Deloitte’s Center for Health Solutions released its annual survey of global consumers regarding health care. Citizens of the United States, France, Germany, Great Britain, Canada and Switzerland were surveyed. (Deloitte Survey) Six major areas were asked about: wellness; information sources; health insurance; health policy; use of traditional health services and use of alternative health services. Deloitte describes the residents of all the countries as somewhat satisfied, disconnected from costs and passive about the system.
While it is not possible to report all the interesting findings; here are some tidbits. In every country, the great majority of citizens say they don’t understand how their health system works. Only in France and Switzerland do a majority of citizens give their system an A or B. Self-reported health status is highest in the US and Canada; the two countries with the highest per capita spending. Only about 1 in 5 persons are in a wellness program. A majority in every country have an interest in remote monitoring tools to help them manage their care. People want access to online health tools, but many are concerned about privacy.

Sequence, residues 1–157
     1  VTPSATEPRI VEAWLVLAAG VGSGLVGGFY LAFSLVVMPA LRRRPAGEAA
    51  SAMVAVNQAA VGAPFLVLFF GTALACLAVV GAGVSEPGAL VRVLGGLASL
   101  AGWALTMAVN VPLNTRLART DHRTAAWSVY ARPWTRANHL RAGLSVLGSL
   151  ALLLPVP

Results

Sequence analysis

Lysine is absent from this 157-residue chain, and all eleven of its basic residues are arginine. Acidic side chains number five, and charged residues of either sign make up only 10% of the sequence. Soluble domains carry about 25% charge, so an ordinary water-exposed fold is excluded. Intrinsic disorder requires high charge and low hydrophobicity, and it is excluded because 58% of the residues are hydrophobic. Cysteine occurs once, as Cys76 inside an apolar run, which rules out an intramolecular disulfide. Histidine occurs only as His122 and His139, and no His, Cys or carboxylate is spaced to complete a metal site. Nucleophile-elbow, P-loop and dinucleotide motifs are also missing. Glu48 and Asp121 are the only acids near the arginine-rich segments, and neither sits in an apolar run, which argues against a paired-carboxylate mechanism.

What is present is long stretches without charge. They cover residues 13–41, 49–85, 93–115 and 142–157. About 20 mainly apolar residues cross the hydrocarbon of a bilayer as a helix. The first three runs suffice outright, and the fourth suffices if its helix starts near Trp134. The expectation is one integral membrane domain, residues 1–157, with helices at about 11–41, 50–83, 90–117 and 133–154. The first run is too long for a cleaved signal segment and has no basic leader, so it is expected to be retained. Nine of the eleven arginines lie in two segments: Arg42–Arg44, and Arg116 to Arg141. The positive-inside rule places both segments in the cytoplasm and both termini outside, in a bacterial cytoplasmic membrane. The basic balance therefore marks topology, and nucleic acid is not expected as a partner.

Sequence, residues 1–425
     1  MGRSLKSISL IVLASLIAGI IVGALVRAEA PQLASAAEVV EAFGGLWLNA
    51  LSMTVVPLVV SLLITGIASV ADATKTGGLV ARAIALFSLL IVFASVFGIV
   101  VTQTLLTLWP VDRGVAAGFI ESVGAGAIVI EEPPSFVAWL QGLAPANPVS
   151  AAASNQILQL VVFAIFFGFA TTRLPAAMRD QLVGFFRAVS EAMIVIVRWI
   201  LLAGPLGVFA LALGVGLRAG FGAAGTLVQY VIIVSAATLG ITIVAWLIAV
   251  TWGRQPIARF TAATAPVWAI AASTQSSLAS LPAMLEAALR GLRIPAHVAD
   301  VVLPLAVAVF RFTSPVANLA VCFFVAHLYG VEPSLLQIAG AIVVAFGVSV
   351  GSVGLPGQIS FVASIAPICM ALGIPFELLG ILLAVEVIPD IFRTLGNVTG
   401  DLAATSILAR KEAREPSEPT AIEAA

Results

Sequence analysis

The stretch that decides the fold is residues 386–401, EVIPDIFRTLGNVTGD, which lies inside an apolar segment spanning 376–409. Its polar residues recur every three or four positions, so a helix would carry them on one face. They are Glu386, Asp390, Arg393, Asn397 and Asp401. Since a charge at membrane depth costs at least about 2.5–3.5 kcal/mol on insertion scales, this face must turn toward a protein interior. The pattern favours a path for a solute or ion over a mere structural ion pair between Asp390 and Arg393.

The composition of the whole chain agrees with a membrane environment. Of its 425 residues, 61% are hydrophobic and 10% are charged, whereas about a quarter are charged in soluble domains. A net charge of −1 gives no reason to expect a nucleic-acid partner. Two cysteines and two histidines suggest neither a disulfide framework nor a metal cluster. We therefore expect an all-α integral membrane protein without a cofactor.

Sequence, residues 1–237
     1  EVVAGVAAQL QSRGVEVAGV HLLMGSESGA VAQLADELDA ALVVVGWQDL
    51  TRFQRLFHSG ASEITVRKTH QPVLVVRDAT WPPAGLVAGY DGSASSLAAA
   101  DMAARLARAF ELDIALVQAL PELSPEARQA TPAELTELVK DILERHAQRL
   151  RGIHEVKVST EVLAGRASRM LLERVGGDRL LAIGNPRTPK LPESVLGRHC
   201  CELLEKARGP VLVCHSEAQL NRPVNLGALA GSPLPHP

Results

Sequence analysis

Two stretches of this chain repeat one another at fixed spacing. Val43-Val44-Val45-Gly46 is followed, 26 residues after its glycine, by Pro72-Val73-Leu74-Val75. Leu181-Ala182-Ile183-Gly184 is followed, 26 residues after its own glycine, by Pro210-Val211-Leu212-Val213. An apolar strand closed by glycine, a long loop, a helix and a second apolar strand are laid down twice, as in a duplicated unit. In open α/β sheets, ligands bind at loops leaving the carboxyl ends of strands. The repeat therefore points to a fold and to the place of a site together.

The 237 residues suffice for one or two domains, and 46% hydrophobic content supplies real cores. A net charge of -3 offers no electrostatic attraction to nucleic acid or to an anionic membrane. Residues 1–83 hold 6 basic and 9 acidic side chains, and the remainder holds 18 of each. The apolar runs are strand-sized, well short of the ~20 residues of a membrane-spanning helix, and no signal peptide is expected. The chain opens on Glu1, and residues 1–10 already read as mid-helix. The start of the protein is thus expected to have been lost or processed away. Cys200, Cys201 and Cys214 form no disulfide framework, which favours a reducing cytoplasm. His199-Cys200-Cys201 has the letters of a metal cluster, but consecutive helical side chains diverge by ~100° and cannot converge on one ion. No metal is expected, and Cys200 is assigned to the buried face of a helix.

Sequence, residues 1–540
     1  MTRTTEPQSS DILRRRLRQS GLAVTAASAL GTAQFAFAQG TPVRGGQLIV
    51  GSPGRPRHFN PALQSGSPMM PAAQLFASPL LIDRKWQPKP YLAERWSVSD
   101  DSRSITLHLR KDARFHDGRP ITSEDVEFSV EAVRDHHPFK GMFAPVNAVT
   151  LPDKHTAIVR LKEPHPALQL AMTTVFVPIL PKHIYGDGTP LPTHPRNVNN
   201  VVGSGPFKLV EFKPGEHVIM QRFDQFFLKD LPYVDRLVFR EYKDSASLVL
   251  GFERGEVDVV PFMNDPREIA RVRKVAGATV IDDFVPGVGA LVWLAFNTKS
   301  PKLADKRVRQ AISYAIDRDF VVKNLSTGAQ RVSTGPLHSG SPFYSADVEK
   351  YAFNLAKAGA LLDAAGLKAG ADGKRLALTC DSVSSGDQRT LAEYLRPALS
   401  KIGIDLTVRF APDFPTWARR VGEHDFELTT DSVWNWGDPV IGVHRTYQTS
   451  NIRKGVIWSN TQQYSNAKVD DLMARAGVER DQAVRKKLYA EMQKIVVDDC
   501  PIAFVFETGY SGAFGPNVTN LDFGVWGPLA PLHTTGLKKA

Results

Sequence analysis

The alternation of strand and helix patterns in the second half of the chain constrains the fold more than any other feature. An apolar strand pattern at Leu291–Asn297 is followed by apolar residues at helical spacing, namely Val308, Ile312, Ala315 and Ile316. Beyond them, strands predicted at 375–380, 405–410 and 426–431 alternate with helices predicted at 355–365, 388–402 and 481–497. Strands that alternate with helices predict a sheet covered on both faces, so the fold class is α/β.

Most consumers in all countries don’t compare hospitals or physicians before using one. If health information is needed, in all countries medical associations and academic medical centers are the most trusted source. Most were satisfied with the most recent care they received at a hospital or from a physician, with the US leading by a fair amount on hospital satisfaction and Switzerland and Canada on physician satisfaction, although all countries were closely grouped. A small minority use alternative health services. More people in the US consider themselves to be well-insured than in the other countries, which is fascinating given that the US is the only country with significant numbers of uninsured persons.
The survey results are not only interesting, but in some cases, counter-intuitive to what might have been expected.